Jim Larkin leads various strikes

Jim Larkin has been the pillar in the formation of the General Workers Union and the Irish Transport. Born Liverpool, England on January 21, 1876, Jim Larkin would then fell in love with his sweetheart, Elizabeth Brown, whom they both tied the note in 1903. The duo was blessed with four sons.

After a few decades, the General Workers’ Union was the leading union in the country after going through significant growth and development.

As we all know life in the slums is somehow tricky especially when one is a student. Such was the case with Jim Larkin, while he was growing in the slums of Liverpool, he had difficulties in school that he acquired very little formal education.

However, that never discouraged him since he would find casual job opportunities to supplement his families meager income. It was during one of the beautiful days in his usual duty in search of a casual job that he landed on a post as a foreman at the Liverpool Docks.

While serving in his area of duty , he noticed an unfair treatment of some workers. He disliked such vices and was prepared to do anything possible to end such acts. As a result, he decided to join the National Union for Dock Labourers (NUDL). Read more: Jim Larkin | Wikipedia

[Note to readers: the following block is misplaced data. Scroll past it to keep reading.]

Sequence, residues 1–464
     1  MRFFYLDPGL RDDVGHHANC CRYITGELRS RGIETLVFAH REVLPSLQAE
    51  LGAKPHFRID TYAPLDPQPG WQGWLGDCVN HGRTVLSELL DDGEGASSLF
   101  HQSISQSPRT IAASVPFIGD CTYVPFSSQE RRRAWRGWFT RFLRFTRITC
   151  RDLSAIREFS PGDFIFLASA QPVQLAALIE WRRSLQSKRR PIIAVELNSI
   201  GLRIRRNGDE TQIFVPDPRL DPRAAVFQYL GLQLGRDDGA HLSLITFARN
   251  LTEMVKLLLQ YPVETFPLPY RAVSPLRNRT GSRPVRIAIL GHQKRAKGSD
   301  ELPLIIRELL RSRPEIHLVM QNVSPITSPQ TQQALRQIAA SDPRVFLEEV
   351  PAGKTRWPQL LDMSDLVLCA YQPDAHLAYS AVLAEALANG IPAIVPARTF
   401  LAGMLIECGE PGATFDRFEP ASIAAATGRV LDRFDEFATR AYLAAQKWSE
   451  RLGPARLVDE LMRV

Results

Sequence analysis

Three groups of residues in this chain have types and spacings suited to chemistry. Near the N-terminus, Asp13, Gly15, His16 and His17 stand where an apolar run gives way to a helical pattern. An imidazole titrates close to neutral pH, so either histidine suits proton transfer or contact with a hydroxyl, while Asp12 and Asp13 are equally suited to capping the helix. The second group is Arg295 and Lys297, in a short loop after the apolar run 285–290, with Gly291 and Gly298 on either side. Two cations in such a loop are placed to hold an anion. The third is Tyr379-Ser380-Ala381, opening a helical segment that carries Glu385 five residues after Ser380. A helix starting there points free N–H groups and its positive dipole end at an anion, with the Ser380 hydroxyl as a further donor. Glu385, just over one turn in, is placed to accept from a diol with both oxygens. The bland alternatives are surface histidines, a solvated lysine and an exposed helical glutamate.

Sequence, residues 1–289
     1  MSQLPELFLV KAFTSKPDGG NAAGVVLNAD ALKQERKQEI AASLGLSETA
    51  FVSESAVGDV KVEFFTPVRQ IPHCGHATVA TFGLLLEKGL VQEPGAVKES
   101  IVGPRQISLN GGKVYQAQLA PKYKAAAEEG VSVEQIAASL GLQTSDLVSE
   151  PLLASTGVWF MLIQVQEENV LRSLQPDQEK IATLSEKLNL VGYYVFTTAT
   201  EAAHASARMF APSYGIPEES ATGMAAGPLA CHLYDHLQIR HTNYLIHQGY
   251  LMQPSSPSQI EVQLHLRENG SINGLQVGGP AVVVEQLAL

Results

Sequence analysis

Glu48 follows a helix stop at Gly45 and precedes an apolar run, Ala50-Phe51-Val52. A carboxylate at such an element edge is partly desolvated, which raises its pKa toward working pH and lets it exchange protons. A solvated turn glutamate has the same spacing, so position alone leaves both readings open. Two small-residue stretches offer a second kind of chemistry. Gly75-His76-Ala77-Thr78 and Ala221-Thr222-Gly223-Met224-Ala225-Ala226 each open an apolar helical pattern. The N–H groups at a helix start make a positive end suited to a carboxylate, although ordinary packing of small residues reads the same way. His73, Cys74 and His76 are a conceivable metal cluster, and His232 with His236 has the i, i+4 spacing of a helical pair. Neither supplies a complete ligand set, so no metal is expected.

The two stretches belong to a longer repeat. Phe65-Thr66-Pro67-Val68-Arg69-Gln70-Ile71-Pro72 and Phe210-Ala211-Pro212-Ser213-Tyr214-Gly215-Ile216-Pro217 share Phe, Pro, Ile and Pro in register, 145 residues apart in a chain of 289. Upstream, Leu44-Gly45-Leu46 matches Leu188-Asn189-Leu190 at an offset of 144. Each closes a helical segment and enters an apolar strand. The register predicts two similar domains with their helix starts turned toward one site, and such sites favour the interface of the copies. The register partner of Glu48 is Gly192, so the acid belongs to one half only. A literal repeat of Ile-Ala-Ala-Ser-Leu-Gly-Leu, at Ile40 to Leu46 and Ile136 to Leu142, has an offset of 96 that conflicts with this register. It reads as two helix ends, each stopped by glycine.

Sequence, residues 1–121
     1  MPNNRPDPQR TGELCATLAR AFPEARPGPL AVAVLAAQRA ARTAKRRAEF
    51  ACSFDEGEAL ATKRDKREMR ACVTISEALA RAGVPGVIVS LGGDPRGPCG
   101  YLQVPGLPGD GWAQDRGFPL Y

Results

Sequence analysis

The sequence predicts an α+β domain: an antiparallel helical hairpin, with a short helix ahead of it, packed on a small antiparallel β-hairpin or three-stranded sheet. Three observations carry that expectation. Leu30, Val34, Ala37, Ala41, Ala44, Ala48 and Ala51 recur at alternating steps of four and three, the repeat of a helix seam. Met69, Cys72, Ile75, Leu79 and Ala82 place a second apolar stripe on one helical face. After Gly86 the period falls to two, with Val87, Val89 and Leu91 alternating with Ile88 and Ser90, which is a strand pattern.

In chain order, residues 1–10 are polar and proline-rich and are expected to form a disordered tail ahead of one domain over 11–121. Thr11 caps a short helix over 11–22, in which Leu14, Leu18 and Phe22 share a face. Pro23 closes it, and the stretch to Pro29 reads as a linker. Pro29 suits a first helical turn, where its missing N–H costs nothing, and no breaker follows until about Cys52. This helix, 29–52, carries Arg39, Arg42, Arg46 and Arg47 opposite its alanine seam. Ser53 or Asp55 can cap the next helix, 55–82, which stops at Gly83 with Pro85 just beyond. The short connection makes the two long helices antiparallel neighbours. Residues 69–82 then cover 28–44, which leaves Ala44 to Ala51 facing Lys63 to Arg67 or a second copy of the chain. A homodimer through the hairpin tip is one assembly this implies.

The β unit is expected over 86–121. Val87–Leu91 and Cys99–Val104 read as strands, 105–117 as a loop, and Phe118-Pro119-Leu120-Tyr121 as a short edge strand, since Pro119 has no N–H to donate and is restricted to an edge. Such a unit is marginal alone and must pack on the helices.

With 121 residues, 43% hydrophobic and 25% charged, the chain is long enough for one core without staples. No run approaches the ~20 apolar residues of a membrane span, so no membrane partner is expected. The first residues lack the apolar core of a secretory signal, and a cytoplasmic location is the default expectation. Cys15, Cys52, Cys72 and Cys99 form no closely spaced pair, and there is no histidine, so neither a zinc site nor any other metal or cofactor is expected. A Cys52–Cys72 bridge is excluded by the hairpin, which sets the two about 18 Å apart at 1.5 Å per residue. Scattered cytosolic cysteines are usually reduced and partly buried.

His growing passion for the union would lead to his full-time membership to serve as the trade union organizer of National Union for Dock Labourers (NUDL).

In two years that followed, Larkin’s modus operandi alarmed the National Union for Dock Labourers (NUDL), and he was transferred to Dublin. By setting base at Dublin, an idea struck Jim Larkin to form the famous General Workers Union as well as the Irish Transport.

It was during this time that union decided to embark on a mission that would see to it that there is unity among the Irish industry workers, notwithstanding whether they were skilled or not, to form a unitary organization.

When Jim formed the Labor Party, he led a series of strikes. One of the significant strikes that stood out of all was the Dublin Lockout of 1913 that comprised of over 100,000 workers.

Learn more about Jim Larkin and Michael Lacey:

http://www.historyireland.com/20th-century-contemporary-history/big-jim-larkin-hero-and-wrecker/ and http://ireland-calling.com/james-larkin/

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